Heritability and Selection

The rate of evolution by artificial or natural selection depends on the level of genetic variation in the trait and the strength of the selection applied to the population. The process is best illustrated with an example. Figure 1 shows the frequency distribution of a given trait, let’s say beak size, in a population of finches. The distribution of individuals is bell-shaped (although this need not be the case) and XP indicates the mean value of the trait for the whole population. Suppose that in the population, birds that have larger beaks are able to crack open a wider variety of seeds and therefore store more fat and survive cold winters more often than birds that have smaller beaks. During one winter, only finches with beaks of larger than a certain size survive, so that the average beak size among the survivors is XS (Fig 1a). The differential survival resulting from larger beak size is directional selection. If beak size is heritable, that is if the variance in size of a bird’s beak is at least partially determined by genes,

  1. Selection differential

b) Selection response

c) realized heritability
h2 = R/S
Fig. 1 Illustration of selection differential and response for a population with normally distributed trait values

then the directional selection will produce a shift in average beak size in the next generation. The difference between the average beak size among survivors and that in the original population (which includes the survivors) is know as the selection differential (S: Fig. 1a).

We measure strength of selection as the selection differential (S). The selection differential is simply the difference between the mean of the trait in the selected group of parents (XS) and that in the entire base population (XP, Fig. 1a).

Selection response (R) is the change in the average value of the trait in the offspring generation compared to that of the entire parental generation (not only the selected parents, Fig. 1b). A response to selection thus provides evidence for a genetic basis to the trait. Such a response also represents an evolutionary change. In lab, you will be imposing selection on Brassica rapa plants, and attempting to produce an evolutionary response!

The relation between S and R can be used to provide an estimate of the genetic component of the trait of interest. Selection response can be expressed as a proportion of the selection differential, to yield h2 the realized heritability (Fig. 1c).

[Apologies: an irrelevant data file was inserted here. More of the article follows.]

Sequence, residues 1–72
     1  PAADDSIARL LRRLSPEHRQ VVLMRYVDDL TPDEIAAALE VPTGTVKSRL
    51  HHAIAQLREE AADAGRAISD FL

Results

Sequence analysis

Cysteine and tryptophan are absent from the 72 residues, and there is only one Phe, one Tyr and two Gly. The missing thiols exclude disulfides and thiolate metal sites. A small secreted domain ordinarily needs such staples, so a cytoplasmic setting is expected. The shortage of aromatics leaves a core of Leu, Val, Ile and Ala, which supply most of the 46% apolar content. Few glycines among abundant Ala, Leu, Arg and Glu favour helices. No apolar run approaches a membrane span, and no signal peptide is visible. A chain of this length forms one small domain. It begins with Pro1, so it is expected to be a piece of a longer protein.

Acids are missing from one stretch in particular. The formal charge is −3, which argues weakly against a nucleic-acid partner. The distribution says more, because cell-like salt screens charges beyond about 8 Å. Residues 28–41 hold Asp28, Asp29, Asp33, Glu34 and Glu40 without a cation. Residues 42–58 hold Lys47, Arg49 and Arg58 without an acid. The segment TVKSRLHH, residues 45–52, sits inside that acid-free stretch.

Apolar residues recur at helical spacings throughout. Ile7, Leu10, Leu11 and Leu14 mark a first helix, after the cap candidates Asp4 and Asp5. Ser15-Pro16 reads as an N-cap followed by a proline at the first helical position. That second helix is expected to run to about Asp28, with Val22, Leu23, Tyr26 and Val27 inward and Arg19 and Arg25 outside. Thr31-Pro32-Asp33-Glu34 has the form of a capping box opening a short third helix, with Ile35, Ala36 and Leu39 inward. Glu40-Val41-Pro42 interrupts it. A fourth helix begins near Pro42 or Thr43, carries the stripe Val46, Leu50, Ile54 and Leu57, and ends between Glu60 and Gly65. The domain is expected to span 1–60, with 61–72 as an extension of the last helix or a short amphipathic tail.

h2 = R/S (1)

Thus, if the realized heritability of a trait in a population = 1, then all the variation of that trait in the population is due to genetic factors. If h2 = 0, then, R had to be zero and therefore, there was no response to the selection. If the next generation shows no response to a selection force, then that trait does not have a genetic component. That is, all the variation comes from the environment or factors other than genetic make-up.

Figure 2 The life cycle of rapid B. rapa Wisconsin Fast Plants ™

Week 1 Selection With Rapid Brassica rapa

In lab today, you will begin an exercise that will cover parts of 2 labs over the next 8 weeks. You will work as plant breeders in an attempt to artificially select for a particular variable trait in rapid-cycling Brassica rapa. The plants you will be working with are the same species as cultivated turnip, pak choi, and Chinese cabbage, each a product of selective breeding for specific phenotypic traits. Brassica rapa forms part of a complex of related species that comprise many of the most important vegetable crops world-wide, for example,

B. rapa: pak choi, Chinese cabbage, turnip, saichin
B. oleracea: kale, cauliflower, broccoli, head cabbage, Brussel sprouts, kohlrabi, collard greens
B. juncea: brown mustard, mustard greens B. napus: canola
Earlier in the semester, the course staff established a number of separate populations of about 100 plants, all from the same basic “wild type” B. rapa seed stock (Rbr 1-33). Within each lineage, called a selected line, we planted all seeds on the same date, 14 days prior to your lab.